Cruel, costly and ineffective: The failure of offshore processing

Australia’s multi-billion-dollar offshore processing system has demonstrably failed to stop boats, save lives or break the business model of people smugglers, according to the University of NSW's Kaldor Centre for International Refugee Law. 

Released at a pivotal moment when the policy is drawing political interest elsewhere as an ‘Australian model’, ‘Cruel, costly and ineffective: The failure of offshore processing in Australia’ marks nine years since Australia resumed its bipartisan policy of intercepting asylum seekers at sea and forcibly transferring them to the Pacific nations of Nauru and Papua New Guinea. 

Kaldor Centre researchers Madeline Gleeson and Natasha Yacoub break down the common perception of offshore processing as a single policy, explaining how instead it has unfolded in four distinct phases since August 2012.

Critically, they note that Australia has been caught up in the fourth and final phase – in which the government stopped transferring people offshore and has been trying to extricate itself from the arrangements – for more than seven years now. 

Contrary to popular belief, offshore processing did not stop the boats. Relying on the government’s own data, the authors show that both boat arrivals and deaths at sea continued after the reintroduction of offshore processing in 2012, dropping only after Australia recognised the limitations of its own policy and pivoted away from it to pursue maritime interceptions exclusively from 2014 onwards.  

Rather than save lives, offshore processing ruined them; the authors note cases of murder, suicide and sexual assault, as well as a devastating deterioration in physical and mental health, separated families and traumatised children. ‘Those who survived were exposed to significant harm, which some described as worse than death,’ the authors write.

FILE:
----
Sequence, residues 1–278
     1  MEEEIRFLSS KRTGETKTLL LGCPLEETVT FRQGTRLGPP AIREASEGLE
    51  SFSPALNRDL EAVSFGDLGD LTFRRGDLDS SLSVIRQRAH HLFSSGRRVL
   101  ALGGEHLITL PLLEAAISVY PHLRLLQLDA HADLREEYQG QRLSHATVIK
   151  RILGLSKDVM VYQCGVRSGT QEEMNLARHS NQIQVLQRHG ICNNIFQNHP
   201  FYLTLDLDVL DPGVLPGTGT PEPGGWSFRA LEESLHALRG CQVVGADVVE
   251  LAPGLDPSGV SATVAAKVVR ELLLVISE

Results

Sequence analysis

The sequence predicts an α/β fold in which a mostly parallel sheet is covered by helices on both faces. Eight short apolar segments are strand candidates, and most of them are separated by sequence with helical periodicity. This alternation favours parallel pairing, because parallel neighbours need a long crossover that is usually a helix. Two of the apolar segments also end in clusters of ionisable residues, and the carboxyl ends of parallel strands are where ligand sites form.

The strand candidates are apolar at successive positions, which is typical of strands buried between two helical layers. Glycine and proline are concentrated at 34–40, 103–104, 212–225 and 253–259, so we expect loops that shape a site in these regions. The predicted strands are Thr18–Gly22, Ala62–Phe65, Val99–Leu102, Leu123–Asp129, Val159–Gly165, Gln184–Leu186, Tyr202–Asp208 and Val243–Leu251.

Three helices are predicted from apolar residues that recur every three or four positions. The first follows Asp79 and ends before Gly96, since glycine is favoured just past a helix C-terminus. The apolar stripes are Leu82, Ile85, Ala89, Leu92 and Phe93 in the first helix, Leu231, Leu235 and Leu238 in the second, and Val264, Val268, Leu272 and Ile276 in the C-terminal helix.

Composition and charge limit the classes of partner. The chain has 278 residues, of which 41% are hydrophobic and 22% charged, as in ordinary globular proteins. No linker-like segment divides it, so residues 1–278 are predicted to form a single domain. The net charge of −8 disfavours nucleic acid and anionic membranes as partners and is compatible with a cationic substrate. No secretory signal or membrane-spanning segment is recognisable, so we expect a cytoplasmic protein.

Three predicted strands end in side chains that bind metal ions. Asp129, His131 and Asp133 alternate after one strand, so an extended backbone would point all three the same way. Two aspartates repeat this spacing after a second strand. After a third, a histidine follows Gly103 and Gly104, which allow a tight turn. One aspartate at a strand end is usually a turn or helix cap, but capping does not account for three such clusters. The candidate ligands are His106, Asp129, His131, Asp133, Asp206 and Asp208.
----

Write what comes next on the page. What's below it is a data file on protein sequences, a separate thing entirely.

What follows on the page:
As further evidence of the policy’s failure, the vast majority of the people still subject to it are now back in Australia, many having been urgently evacuated amid spiralling health crises. 

The Policy Brief also debunks the claim that offshore processing ‘breaks the business model’ of people smugglers, and critiques the policy as a failure on the basis that it involves: 

·        enormous ongoing financial costs for Australian taxpayers; 

·        violations of fundamental rules of international law; 

·        legal challenges in Australian and international courts; and  

·        systemic cruelty.   

These findings come as the United Kingdom is debating a similar offshore processing system and Denmark has just passed legislation enabling one.  

‘The ‘Australian model’ of offshore processing should never be repeated by future Australian governments,’ the authors write, ‘nor should it be replicated by other countries.’ 

Do you think Australia should have a more humane response to the way it treats refugees? Is this issue important enough to sway your vote at the next election?


It would seem to me that these so called refugees are nothing but illegal queue jumpers

... these people should be placed into United Nations Refugee camps and people who have been waiting there in front of the queue should be taken from there.

that is essentially the methodology anticipated in the proposed "Malaysian solution", and would avoid the fate that proposal received after it was effectively skewered because Malaysia was not a signatory to the UN Refugee Convention. 

That is straight from the LNP and Pauline Hansen playbook. A little bit of common humanity wouldn't go astray for these people with so many of them being genuine asylum seekers but because of political grandstanding with statements like "boat arrivals will never be allowed into Australia".